If adopted, the Act on Real Estate Investment Trusts (REITs) currently being discussed in our Parliament will come into force and apply retroactively from January 1, 2019. In Poland, the activity of REIT companies will be limited to only investing in rental properties located in the country. Investors will be encouraged to engage their capital in such companies and investments mainly due to the tax and legal preferences that are provided for in the Act.

Private student accommodation

In Western Europe, private student accommodation is commonplace. In many countries, they are the backbone of a residential base for students. The first private student dormitories are currently being built in Poland, mainly in cities with large academic centers where student numbers are growing fastest.

One reason for this growth is the increasing number of foreign students in Poland while the number of places in student accommodation run by universities is decreasing. According to the Central Statistical Office, Poland had 1.3 million students in the academic year 2017-18. Student numbers have been steadily decreasing since 2007-08 and are currently the lowest since 1999-2000. However, the number of overseas students in Poland is growing, and will number as many as 100,000 by 2021.  

According to Savills, there are almost 450 student dormitories operated by Polish universities, offering more than 120,000 beds, and 35 halls of residence belonging to non-state universities, which offer fewer than 4,000 beds. Student halls owned by private investors that are not related to any particular university currently offer 6,500 beds. This means only 15% of students can count on securing accommodation in such facilities.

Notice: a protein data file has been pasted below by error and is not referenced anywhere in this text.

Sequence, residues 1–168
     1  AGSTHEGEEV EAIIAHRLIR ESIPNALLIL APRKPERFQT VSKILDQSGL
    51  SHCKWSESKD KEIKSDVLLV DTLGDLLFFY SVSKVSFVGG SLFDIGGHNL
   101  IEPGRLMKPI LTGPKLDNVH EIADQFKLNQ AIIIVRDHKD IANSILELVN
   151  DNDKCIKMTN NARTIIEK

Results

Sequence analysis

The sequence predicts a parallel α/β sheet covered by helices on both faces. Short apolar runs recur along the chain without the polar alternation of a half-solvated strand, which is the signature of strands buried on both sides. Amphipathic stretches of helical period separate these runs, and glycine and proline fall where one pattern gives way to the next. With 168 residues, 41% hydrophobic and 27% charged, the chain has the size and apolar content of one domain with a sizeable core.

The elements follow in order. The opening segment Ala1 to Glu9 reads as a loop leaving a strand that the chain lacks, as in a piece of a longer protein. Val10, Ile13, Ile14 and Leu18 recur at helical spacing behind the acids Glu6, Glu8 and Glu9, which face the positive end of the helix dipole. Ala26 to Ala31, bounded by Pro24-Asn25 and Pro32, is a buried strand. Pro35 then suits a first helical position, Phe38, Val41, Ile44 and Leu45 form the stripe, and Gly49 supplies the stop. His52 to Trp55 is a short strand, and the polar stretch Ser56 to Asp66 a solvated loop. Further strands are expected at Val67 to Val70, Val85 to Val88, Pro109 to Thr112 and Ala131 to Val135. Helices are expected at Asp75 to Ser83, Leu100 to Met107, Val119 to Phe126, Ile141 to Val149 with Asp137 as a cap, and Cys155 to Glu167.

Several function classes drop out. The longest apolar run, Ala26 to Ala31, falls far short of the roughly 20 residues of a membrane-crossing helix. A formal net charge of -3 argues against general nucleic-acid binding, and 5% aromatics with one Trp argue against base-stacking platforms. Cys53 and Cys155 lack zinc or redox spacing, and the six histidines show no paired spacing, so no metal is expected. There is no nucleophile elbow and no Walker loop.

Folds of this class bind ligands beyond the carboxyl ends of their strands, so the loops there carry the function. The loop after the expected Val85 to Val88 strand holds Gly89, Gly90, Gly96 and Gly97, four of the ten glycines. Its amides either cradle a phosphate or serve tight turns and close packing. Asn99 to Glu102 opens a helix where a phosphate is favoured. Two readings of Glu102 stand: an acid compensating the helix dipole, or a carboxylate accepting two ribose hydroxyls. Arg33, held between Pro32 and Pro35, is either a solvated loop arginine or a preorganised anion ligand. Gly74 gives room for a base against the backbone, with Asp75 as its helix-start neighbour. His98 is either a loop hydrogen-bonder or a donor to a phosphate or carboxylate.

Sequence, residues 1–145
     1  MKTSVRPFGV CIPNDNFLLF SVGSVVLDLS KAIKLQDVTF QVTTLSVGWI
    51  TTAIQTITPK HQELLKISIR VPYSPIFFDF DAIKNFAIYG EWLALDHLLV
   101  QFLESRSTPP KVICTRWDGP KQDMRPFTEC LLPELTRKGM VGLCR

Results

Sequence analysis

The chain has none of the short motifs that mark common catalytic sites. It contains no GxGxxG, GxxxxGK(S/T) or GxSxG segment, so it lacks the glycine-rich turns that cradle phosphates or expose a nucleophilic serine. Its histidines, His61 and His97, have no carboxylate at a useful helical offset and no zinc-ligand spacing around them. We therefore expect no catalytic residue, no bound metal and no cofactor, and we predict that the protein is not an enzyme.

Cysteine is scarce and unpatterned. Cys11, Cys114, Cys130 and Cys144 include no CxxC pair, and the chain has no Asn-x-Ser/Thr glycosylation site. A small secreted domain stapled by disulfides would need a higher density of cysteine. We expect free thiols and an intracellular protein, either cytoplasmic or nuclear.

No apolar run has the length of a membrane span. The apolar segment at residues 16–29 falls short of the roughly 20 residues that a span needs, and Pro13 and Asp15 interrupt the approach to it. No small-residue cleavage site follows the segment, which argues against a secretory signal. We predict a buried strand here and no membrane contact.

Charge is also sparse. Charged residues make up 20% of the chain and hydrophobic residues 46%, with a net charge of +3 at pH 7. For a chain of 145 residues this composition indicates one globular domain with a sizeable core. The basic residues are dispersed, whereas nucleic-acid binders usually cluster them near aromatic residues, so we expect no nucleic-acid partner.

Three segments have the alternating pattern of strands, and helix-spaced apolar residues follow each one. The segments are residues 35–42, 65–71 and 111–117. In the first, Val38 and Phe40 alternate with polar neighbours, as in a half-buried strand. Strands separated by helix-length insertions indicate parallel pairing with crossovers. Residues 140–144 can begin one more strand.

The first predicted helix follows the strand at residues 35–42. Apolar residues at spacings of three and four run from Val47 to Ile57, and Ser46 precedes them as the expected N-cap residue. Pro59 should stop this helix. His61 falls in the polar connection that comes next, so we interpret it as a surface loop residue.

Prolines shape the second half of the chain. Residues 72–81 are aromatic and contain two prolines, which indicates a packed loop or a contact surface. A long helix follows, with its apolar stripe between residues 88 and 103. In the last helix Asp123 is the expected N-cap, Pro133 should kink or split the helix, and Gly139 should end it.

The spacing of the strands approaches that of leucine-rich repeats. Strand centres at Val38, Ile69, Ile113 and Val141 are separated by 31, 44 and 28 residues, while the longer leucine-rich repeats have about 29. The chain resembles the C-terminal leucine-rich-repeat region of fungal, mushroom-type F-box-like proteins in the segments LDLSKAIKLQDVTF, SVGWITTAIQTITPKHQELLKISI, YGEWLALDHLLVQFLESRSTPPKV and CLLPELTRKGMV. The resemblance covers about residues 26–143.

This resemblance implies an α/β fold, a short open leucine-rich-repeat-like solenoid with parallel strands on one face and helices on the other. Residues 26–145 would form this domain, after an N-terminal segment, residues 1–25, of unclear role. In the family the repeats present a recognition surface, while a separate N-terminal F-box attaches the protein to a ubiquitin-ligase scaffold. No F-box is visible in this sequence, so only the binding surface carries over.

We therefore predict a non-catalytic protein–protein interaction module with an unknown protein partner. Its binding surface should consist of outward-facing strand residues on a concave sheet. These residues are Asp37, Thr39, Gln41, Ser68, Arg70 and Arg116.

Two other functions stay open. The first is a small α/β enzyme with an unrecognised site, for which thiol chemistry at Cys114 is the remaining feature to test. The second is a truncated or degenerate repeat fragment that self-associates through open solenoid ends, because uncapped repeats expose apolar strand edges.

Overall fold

The number of student dormitories owned by public and non-public universities, and so the number of beds, is decreasing for various reasons. These include demands of students for better quality living conditions: that is, poorer standard facilities are closing. An alternative to student halls are rooms or apartments for rent, which only private student accommodation can compete with in terms of higher standards. Private investments here are characterized by additional amenities and architectural solutions that draw on the culture of co-living.

The growing interest of students in private accommodation translates into an increase in the attractiveness of these properties for entities that might purchase them as an investment product. According to Savills, in 2018 the total worldwide volume of investment transactions in the private student dormitories sector exceeded USD 17 billion.1 The five-year average for the value of transactions in 2014-18 was three times higher than 2009-13, which shows a strong trend of growing interest from investors in this asset class.

Poland’s private student accommodation sector is at an early stage of development. However, in its favor is the global preference of investors to invest in this sector, thereby diversifying their portfolios, and thus reducing their risk exposure through products that are more resistant to short-term economic fluctuations. Demand for this class of assets exceeds supply, both from investors who expect more projects to be purchased, and from students who want somewhere to live. 

Financing construction of buildings for rent and student accommodation

The specifics of financing projects to develop apartments for rent and private student dormitories are different from how you finance commercial facilities.